As we were waved through a military checkpoint by an Israeli soldier with an M16 dangling carelessly around her neck, activist Yonatan Pollack kicked the glove compartment. "Fucking child killers," he spat out.
On November 7, Haaretz reported that the army had requested that the Shin Bet - Israel's domestic spy network and internal security service - provide information on left-wing Israeli activists traveling to the West Bank.
The stated goal was to make it easier for the army to issue restraining orders to prevent the activists from entering.
Since the beginning of the anti-wall campaign in Ni'lin last May, village residents have been joined by Israeli and international activists in non-violent attempts to block the army's bulldozers.
At the same time, the youth in the town have responded to the army's use of tear gas, rubber bullets and live ammunition with stone throwing. Their collective effort has created heavy delays in construction, and the wall - scheduled for completion last June - is still unfinished.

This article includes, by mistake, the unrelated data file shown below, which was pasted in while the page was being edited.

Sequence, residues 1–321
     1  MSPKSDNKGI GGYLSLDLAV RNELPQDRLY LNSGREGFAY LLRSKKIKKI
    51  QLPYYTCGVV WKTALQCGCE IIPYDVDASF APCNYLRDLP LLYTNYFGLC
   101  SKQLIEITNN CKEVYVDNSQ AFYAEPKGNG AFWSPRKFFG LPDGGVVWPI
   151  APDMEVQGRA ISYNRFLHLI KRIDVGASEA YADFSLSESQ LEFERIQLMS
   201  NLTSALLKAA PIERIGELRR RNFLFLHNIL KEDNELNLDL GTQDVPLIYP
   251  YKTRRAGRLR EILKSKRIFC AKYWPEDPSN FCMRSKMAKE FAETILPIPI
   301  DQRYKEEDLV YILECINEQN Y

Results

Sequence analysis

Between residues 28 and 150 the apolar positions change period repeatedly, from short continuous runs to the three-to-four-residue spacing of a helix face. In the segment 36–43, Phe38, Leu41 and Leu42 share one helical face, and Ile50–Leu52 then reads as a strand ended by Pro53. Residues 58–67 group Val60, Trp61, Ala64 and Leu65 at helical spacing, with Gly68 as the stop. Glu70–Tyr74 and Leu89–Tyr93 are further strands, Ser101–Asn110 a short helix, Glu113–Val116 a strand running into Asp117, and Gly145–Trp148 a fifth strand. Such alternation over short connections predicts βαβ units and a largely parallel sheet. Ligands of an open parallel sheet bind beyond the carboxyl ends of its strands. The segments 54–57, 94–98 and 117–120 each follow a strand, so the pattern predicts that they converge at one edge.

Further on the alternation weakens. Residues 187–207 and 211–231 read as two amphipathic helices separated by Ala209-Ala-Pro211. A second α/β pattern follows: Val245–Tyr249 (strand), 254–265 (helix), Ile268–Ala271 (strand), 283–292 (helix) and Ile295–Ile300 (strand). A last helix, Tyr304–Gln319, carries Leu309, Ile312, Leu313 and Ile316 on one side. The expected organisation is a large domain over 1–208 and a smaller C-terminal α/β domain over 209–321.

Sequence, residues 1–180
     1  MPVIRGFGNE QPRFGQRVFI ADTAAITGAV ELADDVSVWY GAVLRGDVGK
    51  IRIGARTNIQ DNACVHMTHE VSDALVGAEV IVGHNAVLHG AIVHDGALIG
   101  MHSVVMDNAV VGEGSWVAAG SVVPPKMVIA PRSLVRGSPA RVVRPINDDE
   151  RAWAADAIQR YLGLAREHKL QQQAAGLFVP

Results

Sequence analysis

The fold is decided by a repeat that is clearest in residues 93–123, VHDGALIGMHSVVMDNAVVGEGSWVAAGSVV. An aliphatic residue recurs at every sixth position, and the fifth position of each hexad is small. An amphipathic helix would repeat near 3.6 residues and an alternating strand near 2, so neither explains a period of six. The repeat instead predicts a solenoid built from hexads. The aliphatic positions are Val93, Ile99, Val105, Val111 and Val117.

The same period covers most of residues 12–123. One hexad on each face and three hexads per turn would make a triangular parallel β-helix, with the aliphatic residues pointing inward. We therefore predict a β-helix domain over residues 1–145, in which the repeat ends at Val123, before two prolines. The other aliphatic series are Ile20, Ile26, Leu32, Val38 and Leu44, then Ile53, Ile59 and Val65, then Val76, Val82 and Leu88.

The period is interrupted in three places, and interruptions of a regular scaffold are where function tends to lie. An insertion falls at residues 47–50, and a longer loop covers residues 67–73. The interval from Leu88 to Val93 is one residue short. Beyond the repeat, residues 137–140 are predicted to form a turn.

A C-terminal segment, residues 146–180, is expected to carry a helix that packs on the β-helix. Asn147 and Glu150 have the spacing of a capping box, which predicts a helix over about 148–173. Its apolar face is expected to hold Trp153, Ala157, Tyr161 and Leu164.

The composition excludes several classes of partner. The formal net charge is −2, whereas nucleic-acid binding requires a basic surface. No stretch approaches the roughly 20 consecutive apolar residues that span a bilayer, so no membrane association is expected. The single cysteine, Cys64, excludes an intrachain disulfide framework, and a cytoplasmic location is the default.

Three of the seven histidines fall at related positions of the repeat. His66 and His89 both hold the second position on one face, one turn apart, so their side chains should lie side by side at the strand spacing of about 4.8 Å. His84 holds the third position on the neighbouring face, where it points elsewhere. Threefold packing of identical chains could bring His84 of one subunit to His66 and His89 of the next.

The struggle has not only generated robust participation by Israel's small radical left, it has also regalvanized the military refusal movement after two years of relative quiet.
Inspired by the resistance of Ni'lin villagers and horrified by the brutality Israel has used to repress the village uprising, the "refuseniks" - as they are locally known - are back in the news.
"If the army backs off in Ni'lin it will be an example to the refusal movement and Israeli society. It will show that the army can't break us," explains Omer Goldman, a Ni'lin solidarity activist who went to military prison this past September at age 19 for refusing to enlist on her conscription date.